Canada lynx (Lynx canadensis) were listed as a federally threatened species in 14 states at the southern extent of their geographic range in March 2000, with Maine being the only state in the northeastern United States known to support a resident population. Relatively little information is known about the ecology of lynx living at the southern edge of their range, including range requirements, movements, and spatial organization. Basic knowledge of lynx ecology is needed for federal recovery planning efforts. Between 1999 and 2004, we trapped and radiocollared 43 lynx (21 M, 22 F) in northern Maine in an intensively managed and predominantly early successional forested landscape. We estimated diurnal annual and seasonal home-range size for male and female lynx using the 85% fixed-kernel home-range estimator. Annual home ranges of adult male lynx (x̄ = 53.6 km2) were more than twice the size of adult female home ranges (x̄ = 25.7 km2). Home ranges of adult females during snow periods (x̄ = 38.3 km2) were nearly 3 times larger than their snow-free-period ranges (x̄ = 14.3 km2), whereas, snow-free ranges of adult males (x̄ = 58.8 km2) were slightly larger than their snow-period ranges (x̄ = 45.2 km2). We observed a limited amount of home-range overlap among lynx of the same sex (F: x̄ = 17.2%; M: x̄ = 11.8%). Lynx of opposite sex showed more extensive overlap (x̄ = 24.3%). Most home-range shifts of resident lynx were typically not extensive. Based on territory mapping, we estimated a minimum lynx density of 9.2–13.0 lynx/100 km2. We observed lynx spatial ecology and densities that were more similar to northern lynx populations when hares were abundant than to other southern lynx populations, suggesting that region-specific studies under varying habitat conditions and hare densities are needed to ensure realistic recovery goals and effective management of lynx at the southern extent of their range.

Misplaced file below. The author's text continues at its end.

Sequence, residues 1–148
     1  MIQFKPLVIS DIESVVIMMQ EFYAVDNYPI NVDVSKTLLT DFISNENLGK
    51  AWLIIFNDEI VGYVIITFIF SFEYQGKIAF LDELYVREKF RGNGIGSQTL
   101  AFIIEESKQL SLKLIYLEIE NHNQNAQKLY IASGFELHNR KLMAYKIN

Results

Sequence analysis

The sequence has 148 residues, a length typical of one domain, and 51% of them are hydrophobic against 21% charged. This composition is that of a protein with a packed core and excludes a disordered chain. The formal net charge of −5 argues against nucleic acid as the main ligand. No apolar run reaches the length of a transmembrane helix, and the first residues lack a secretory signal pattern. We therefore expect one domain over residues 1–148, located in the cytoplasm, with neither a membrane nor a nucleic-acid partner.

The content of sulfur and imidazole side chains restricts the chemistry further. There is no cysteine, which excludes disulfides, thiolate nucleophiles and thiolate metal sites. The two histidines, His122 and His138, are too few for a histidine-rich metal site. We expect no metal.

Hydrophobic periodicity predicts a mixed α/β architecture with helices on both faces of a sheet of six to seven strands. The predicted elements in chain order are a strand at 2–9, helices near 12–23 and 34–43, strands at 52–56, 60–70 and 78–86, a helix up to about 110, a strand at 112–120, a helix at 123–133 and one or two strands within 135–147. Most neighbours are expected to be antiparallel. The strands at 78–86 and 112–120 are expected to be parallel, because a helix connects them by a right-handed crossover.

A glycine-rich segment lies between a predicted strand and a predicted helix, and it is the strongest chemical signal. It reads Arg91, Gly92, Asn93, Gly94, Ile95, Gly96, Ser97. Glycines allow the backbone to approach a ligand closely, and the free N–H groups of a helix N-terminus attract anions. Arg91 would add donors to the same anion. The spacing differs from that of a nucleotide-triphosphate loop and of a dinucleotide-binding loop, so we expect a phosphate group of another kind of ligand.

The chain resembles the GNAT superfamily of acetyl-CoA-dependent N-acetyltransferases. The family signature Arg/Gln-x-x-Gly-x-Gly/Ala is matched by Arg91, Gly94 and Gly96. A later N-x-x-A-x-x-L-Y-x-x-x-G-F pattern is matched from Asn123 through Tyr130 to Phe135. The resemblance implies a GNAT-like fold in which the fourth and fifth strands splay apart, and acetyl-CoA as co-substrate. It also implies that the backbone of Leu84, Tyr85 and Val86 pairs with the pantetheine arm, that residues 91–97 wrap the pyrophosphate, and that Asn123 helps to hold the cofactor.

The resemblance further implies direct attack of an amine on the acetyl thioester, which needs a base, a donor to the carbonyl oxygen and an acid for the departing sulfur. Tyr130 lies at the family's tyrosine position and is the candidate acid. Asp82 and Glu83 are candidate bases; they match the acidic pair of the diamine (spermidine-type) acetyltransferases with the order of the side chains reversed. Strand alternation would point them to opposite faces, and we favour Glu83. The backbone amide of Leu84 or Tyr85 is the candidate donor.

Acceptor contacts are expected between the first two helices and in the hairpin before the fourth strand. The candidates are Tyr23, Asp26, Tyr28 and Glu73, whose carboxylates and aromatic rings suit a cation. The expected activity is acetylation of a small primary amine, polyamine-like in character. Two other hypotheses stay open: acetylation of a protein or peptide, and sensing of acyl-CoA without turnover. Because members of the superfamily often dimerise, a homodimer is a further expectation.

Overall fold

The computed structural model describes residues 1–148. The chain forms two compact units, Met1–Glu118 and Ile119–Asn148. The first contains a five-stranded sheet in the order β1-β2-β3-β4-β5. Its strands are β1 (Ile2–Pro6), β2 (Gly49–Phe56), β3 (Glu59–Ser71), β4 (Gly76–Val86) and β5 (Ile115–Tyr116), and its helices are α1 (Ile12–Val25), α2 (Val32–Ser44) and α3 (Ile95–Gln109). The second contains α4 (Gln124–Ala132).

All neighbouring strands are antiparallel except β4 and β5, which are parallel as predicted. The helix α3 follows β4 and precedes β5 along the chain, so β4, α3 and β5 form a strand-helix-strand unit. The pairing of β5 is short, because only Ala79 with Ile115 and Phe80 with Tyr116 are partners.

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Vol. 72 • No. 7